Music department alumni working in faculty and staff positions at NC State are shaping a new generation, including many of our student-musicians. Here are their music stories.
There are dozens of music department alumni working at NC State. Many of them are former members of the Power Sound of the South marching band. Others performed in choirs, jazz ensembles, orchestras or concert bands. Some performed in every ensemble they could during their time as a student. For many, even though they haven’t made careers out of music, it has remained an important part of their lives. We caught up with a few of these alumni to hear about the role music played in their college experience, and the role it continues to play today.
Eva Feucht ’02
Director, Park Scholarships
BS, Science Education and BA, Chemistry, 2002
MEd, Higher Education Administration, 2009
Trumpet, mallet percussion and voice
Ensembles taken at NC State
Marching band, jazz ensembles, State Chorale, pep band, wind ensemble, British brass band, indoor drum line
The impact of music on my NC State experience
The music department was a core component of my NC State journey. Traveling to sing in Carnegie Hall via the NC State Chorale with Dr. Al Sturgis and to compete in a national British brass band competition with Dr. Bob Petters were excellent ways to learn and grow as a musician. I formed relationships with people who are still some of my closest friends. My experiences with music at NC State provided a bridge to help me continue my involvement in musical ensembles—and the lifelong learning and community support that comes with these organizations—for life.
A favorite memory of making music at NC State
In high school marching band, I played mallet percussion from the sidelines (the pit) and was drum major. When I received the Park Scholarship, my college journey took an unexpected new path to North Carolina (from Virginia) and to NC State. I learned that the marching band didn’t have a pit; if I wanted to join, I’d need to learn a new instrument. I chose the trumpet because my younger brother played and because a neighbor had one I could borrow. I arrived at band camp with about two months of trumpet playing experience and had never actually marched in a show—only in parades. Long story short: I was not good—at playing trumpet, at marching, or at doing both at the same time. I probably played very few correct notes in my first few shows. The experience was enormously, valuably humbling. My fellow musicians and director Jack Fuller were always supportive. I found a culture where fun, camaraderie, and entertaining the audience were primary, and this gave me the room to be able to learn and grow even if I didn’t arrive with the strongest skill set. I worked hard to improve each year, and eventually became trumpet section leader, a role that allowed me to learn a lot and to encourage those who might have struggled like I did.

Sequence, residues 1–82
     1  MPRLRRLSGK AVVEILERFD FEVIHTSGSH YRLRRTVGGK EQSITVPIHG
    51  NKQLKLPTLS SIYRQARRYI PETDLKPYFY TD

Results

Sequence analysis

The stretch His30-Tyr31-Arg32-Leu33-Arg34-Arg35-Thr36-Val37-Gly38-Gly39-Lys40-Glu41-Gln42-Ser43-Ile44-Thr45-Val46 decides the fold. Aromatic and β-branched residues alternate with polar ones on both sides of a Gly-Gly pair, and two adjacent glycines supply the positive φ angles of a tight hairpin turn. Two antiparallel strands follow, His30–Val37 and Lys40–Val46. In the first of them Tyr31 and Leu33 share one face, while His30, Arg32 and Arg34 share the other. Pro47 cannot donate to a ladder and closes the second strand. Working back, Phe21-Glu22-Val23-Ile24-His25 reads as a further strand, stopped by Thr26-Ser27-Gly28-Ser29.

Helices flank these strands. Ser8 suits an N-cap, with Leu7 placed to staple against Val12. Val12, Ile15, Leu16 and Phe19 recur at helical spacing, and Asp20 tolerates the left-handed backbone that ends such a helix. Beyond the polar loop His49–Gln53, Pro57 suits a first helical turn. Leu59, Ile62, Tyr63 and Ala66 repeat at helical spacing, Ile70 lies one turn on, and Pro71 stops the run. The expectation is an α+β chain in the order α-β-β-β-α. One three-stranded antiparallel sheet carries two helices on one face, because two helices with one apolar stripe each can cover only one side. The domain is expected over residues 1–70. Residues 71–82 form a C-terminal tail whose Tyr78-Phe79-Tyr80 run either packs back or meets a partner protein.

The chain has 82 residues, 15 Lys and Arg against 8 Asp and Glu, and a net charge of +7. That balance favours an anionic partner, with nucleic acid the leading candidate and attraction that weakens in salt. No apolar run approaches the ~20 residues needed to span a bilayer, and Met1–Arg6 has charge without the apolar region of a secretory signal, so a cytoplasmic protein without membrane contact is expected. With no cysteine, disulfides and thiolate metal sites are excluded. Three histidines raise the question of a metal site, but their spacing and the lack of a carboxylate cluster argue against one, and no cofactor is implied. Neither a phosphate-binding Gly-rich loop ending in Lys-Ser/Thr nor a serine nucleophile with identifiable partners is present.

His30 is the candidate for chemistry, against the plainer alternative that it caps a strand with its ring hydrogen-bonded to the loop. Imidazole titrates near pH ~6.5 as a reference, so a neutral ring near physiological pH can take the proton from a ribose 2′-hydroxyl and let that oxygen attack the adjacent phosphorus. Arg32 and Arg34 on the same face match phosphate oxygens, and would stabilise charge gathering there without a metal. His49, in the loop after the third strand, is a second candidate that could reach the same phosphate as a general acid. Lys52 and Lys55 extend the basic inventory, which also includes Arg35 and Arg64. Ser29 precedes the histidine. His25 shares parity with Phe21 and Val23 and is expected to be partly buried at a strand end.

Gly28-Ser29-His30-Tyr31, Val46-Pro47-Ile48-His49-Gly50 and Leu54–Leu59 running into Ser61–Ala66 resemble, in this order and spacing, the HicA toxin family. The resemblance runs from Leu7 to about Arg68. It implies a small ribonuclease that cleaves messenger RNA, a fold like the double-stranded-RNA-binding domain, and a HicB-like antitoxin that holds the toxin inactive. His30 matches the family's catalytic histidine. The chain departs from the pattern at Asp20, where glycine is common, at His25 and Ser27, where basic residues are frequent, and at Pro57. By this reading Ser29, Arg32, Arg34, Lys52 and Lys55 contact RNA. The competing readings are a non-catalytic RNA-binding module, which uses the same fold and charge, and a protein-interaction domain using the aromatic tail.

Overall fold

The role of music in my life today
After graduation, I joined Raleigh’s Little German Band and Dancers, and have now played with them for 18 years. I have also played in a neighborhood band, the Historic Oakwood Second Line Band, since 2013. My spouse, Jason Horne (who I originally met in NC State’s marching band and reconnected with via the German Band) and I are both actively involved in these groups, and we include our three children in them as well. Musical ensembles continue to be an important part of my life. Through these groups, we provide music and cultural enrichment to a wide range of audiences.